Holiday Traditions

It's Christmas. And I'm on a plane. No Santa out the window, but we are racing the setting sun, and the view is liquid visual goodness.

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I've spent the last 8 days mostly off the grid, trying to relax, enjoying spending time with my daughter Havana showing her a part of the world I love.

This is a family tradition, although H and I have changed the distance parameters some.

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When I was very young Mom and Dad would load us into our old Ford and drive across the barren, wind blown landscape of Nebraska in December headed to family gatherings. It was quality bonding time, we talked and read. They explained the world through the lens of plains people, albeit extremely well educated ones — both formally and informally. That stuck with me and I've always seen travel as an opportunity for learning.

This year, after some negotiations that may or may not have involved a big city place Havana thought she preferred, we settled on Iceland. The land of poets and musicians. Seals, glaciers,  and coffee. The Blue Lagoon, terrific style, and ponies.

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It's an isolated land packed with raw beauty. Gorgeous vistas everywhere. 

The weather is, to be polite, inconsistent. When it's good it's very, very good. When it's bad, it's very, very…. well you know. 

Be out on the longest night of the year, watch the clouds part, and the Northern Lights appear — swirling, dancing and racing across that Nordic sky, and your life will gain a dimension previously unknown. Powerful, beautiful, visceral.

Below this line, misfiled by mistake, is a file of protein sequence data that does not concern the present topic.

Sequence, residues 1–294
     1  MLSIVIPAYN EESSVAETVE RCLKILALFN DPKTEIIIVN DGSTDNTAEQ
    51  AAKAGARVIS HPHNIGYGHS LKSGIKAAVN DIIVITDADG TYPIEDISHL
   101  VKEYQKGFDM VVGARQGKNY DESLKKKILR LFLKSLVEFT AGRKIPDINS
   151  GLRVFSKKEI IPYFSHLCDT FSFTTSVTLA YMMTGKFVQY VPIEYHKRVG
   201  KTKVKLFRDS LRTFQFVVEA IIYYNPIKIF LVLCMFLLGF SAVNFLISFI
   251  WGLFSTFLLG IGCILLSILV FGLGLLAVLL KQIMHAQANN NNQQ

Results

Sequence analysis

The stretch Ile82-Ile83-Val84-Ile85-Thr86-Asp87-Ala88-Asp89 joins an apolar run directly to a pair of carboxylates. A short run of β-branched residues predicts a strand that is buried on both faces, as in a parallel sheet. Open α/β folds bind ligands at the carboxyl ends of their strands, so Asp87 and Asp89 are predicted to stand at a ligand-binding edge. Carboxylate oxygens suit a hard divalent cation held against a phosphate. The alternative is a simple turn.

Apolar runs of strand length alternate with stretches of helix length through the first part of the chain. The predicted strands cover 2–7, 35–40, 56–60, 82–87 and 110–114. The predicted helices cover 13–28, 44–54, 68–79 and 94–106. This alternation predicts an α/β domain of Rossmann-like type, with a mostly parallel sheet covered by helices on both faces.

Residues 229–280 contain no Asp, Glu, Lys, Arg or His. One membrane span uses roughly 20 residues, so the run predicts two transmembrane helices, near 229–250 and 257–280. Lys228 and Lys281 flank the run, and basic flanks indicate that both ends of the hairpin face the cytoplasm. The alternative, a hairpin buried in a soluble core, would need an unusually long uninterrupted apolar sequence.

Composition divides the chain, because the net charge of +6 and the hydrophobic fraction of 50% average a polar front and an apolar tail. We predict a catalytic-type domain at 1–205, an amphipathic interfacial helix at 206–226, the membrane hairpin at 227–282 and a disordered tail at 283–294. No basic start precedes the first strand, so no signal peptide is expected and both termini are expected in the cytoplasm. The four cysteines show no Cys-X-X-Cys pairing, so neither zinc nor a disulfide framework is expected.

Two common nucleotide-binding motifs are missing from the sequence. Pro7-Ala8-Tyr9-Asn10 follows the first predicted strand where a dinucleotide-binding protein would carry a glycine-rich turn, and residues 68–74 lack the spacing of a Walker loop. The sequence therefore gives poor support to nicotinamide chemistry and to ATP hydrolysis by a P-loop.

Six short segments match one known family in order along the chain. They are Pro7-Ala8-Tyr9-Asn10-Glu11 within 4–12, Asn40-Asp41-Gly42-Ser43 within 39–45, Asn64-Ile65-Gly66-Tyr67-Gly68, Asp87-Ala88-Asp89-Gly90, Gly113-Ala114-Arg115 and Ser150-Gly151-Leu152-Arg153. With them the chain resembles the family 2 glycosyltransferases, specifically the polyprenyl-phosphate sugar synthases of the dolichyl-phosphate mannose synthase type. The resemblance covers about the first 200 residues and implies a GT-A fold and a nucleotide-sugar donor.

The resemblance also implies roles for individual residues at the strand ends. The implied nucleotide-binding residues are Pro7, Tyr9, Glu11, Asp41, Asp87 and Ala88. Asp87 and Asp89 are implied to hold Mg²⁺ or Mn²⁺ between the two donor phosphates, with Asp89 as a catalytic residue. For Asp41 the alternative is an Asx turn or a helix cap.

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It's so intriguing to me that these people who love a rugged, turbulent, constantly moving landscape are so bound to books. 

This place is all about literature. They have a long tradition of formal storytelling.  They rely on well stocked bookshelves  to get them elegantly through the heavy dark nights. There are simply books everywhere, it's glorious.

Per capita they may have greatest music scene on the planet. There is an independent music store, 12 Tonar, that is worth the flight across the ocean to visit.

When you visit this country there is a quiet respect. Knowing smiles.

It's not fancy. It's clean, strong, safe. Solid, hardy, filling food. Clothes made for subsistence — constructed to last. In those ways, it's exactly like my native Nebraska.

People bond through common interests, connection with each other.

Havana is a learner. She'll be 16 in February and already many if not most of our conversations are about politics, world religions, writing, and graduate school — far deeper things than I was thinking about at her age.

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I was concerned with the ratio of men to women on campus — she thinks about student to teacher ratios. I was focused on formal education as a means to an end. For her all education is the process, the learning for the sheer joy of learning.

We are heading home now, richer for the experience. I know there aren't so many of these father/daughter trips ahead, and I miss them already. 

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